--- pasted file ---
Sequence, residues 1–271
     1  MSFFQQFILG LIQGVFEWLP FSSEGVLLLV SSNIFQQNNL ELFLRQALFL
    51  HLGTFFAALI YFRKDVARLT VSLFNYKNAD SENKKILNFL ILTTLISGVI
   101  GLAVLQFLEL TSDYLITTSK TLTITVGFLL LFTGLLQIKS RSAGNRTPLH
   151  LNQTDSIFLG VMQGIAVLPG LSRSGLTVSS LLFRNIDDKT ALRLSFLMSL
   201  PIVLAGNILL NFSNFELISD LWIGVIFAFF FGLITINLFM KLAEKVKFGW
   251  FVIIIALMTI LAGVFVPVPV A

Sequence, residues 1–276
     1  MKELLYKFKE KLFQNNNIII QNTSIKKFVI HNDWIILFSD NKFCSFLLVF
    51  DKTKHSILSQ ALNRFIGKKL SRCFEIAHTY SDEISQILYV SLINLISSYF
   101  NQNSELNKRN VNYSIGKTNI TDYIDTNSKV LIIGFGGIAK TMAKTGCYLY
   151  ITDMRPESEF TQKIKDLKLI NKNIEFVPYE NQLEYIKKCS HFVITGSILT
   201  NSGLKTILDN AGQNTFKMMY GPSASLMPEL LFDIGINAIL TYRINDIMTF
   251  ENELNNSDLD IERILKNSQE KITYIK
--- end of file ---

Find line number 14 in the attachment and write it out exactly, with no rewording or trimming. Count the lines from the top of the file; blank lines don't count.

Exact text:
   251  ENELNNSDLD IERILKNSQE KITYIK